7 Transparently Offloading Data Warehouse Data to Hadoop using Data Virtualization 4 The core modules are briefly introduced here. For more extensive descriptions, we refer to Tom White s book 1 on Hadoop. HDFS: The Hadoop Distributed File System (HDFS) forms the foundation of Hadoop. This module is responsible for storing and retrieving data. It s designed and optimized to deal with large amounts of incoming data per second and to manage enormous amounts of data up to petabytes. YARN: YARN (Yet Another Resource Negotiator) is a resource manager responsible for processing all requests to HDFS correctly and for distributing resource usage correctly. Like all other resource managers, its task is to assure that the overall performance is stable and predictable. MapReduce: MapReduce offers a programming interface for developers to write applications that query data stored in HDFS. MapReduce can efficiently distribute query processing over hundreds of nodes. It pushes any form of processing to the data itself, and thus parallelizes the execution and minimizes data transport within the system. MapReduce has a batch oriented style of query processing. HBase: The HBase module is designed for applications that need random, real time, read/write access to data. HBase has an API consisting of operations such as insert record, get record, and update record. HBase is usually categorized as a NoSQL system 2. Hive: The Hive module is a so called SQL on Hadoop engine and offers a SQL interface on data stored in HDFS. It uses MapReduce or HBase to access the data. In case of the former, Hive translates each SQL statement to a MapReduce job that executes the request. Hive was the first SQL on Hadoop engine. Nowadays, alternative products are available, including Apache Drill, Cloudera Impala, and Spark SQL. The Strengths of Hadoop High data storage scalability: HDFS has been designed and optimized to handle extremely large files. In real life projects, Hadoop has repeatedly proven that it s able to store, process, analyze, and manage big data. High data processing scalability: Hadoop has been designed specifically to operate in highly distributed environments in which it can exploit large numbers of nodes and drives. For example, one hundred drives working at the same time can read one terabyte of data in two minutes. In addition, MapReduce processing is moved to the nodes where the data is located. There is almost no centralized component that could become a bottleneck and lead to performance degradation. High performance: Together with HDFS, MapReduce offers high performance reporting and analytics. One of the features of HDFS is data replication, which makes concurrent access to the same data (on different nodes) possible. 1 White, T., Hadoop, The Definitive Guide, O Reilly Media, 2012, third edition. 2 Redmond, E. and Wilson, J.R., Seven Databases in Seven Weeks: A Guide to Modern Databases and the NoSQL Movement, Pragmatic Bookshelf, 2012.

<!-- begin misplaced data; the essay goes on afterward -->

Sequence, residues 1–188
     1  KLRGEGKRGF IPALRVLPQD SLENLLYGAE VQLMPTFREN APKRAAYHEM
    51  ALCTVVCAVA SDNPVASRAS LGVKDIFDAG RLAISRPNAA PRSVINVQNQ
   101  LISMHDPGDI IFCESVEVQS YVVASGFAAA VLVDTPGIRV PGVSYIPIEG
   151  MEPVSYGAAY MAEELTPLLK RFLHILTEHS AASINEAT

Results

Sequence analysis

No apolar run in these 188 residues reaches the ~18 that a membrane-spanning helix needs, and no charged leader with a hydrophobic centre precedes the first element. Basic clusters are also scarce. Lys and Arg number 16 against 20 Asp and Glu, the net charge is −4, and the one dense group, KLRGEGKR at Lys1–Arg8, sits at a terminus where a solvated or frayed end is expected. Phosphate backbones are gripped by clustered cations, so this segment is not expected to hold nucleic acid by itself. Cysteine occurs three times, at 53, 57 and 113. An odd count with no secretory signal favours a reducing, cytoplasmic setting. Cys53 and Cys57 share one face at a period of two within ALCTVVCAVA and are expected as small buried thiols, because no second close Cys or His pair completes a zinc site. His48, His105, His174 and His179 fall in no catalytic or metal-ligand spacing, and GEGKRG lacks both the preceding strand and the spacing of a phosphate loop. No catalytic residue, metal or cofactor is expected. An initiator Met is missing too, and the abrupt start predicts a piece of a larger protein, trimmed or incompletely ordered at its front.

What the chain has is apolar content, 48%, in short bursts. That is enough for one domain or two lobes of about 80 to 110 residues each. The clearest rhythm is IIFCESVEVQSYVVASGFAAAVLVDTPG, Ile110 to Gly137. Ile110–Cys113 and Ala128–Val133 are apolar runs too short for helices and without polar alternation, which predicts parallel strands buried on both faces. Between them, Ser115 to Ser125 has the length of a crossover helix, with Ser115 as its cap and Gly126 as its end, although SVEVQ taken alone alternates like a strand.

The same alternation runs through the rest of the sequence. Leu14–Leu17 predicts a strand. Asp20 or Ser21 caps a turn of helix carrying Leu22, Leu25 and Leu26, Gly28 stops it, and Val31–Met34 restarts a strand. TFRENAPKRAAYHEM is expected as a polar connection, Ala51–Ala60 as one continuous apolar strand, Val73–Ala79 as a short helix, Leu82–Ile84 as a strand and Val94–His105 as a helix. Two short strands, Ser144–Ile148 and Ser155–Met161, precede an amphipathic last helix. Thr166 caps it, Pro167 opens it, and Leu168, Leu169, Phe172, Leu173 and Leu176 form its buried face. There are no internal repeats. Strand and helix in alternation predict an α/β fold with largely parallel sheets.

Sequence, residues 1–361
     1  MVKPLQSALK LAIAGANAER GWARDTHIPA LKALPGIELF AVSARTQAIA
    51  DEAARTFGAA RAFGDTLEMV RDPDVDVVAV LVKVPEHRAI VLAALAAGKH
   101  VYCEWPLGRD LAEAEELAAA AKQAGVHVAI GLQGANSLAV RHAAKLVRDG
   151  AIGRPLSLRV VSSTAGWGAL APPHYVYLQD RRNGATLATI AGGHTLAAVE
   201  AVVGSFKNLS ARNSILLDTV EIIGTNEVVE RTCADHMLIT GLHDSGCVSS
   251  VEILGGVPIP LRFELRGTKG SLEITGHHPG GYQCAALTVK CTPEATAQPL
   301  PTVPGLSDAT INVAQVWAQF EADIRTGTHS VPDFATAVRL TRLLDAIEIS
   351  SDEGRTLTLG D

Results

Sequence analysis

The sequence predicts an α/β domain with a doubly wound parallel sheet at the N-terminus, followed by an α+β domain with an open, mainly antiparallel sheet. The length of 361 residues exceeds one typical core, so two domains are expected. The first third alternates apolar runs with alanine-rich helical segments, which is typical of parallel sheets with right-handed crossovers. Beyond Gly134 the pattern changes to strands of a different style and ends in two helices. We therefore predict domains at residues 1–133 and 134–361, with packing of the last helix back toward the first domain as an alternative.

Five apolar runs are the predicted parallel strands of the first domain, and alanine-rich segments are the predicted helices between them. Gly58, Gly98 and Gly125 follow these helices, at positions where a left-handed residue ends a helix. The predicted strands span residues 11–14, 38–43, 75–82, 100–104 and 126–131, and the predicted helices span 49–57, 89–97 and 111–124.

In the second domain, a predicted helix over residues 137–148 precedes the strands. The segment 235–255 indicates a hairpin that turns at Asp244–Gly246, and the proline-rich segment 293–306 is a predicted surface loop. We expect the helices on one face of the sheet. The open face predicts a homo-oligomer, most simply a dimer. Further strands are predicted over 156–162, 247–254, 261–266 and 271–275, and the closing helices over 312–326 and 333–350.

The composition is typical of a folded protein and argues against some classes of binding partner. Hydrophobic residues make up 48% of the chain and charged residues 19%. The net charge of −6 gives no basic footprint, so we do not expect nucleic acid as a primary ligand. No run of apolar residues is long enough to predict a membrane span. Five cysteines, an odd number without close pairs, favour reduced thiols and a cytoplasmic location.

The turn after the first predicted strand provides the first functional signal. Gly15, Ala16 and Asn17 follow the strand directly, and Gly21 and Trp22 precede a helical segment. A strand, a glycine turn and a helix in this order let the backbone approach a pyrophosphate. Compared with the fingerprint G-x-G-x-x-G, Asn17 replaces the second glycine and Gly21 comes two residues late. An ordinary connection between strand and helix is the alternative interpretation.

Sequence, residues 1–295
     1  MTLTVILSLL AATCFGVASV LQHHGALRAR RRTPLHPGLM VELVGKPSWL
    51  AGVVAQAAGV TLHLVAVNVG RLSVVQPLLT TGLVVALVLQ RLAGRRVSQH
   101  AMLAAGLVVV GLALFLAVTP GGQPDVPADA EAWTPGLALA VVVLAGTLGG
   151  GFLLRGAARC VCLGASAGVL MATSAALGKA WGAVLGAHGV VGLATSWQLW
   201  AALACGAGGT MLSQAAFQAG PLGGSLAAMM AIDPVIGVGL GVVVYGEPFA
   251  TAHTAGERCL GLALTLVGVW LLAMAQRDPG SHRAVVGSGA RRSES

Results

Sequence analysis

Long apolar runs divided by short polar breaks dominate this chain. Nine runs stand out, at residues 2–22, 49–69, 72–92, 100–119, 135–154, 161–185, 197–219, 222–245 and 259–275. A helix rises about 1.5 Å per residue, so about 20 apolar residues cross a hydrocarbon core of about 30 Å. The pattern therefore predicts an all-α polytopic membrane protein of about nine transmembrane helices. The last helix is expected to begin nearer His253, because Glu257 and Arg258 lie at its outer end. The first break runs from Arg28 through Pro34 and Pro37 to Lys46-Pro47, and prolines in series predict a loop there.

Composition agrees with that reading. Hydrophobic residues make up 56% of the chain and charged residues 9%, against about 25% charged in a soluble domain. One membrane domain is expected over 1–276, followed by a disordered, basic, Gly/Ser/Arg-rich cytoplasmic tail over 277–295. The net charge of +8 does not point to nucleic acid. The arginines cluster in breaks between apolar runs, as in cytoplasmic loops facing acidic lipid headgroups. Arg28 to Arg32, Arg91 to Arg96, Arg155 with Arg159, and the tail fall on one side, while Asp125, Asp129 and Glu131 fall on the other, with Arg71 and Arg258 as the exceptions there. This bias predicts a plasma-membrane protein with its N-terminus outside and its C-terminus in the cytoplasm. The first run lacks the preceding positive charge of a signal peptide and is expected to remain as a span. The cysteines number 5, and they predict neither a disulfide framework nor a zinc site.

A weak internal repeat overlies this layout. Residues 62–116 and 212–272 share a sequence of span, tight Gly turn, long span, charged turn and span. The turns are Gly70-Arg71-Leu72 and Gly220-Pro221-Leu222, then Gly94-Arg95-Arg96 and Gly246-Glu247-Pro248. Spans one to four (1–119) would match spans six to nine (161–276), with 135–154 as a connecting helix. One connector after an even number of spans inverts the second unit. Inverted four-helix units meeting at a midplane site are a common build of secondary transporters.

8 Transparently Offloading Data Warehouse Data to Hadoop using Data Virtualization 5 Low price/performance ratio: Hadoop has been designed to exploit inexpensive commodity hardware. The license fees of commercial Hadoop vendors are not based on the amount of data stored. All data types: HDFS is a file system that can store any type of data, including weblogs, s, or records with sensor data. In addition, functions can be developed in MapReduce that have the same complexity found in SQL statements and beyond. MapReduce is not limited to structured data. MapReduce allows applications to access any form of data. For example, complex functions can be developed to analyze text or complex weblog records. If programmed correctly, MapReduce is able to process these complex functions completely in parallel, thus distributing this complex and I/O and resource intensive processing over a large set of nodes. Fast loading: HDFS has been designed to load massive amounts of data in real time or in batch. Summary Especially the low price/performance ratio and the high scalability features make Hadoop an ideal platform for storing offloaded many types of data currently stored in the data warehouse environment. 4 The Data Warehouse Environment and Hadoop The Databases of a Data Warehouse Environment Traditionally, a data warehouse environment consists of several databases, such as a staging area, a central data warehouse, and many data marts; see Figure 2. In most environments, all these databases are implemented using SQL database server products, such as Oracle, Teradata, IBM PureData System for Analytics (formerly Netezza), or Microsoft SQL Server. Figure 2 Traditionally a data warehouse environment consists of several databases. Note that most data is stored redundantly in a data warehouse environment. For example, data coming from the source systems is first stored in a staging area, then copied to a data warehouse, and from there copied to one or more data marts. In the latter case, the data is usually stored in a slightly aggregated form, but it s still redundant data.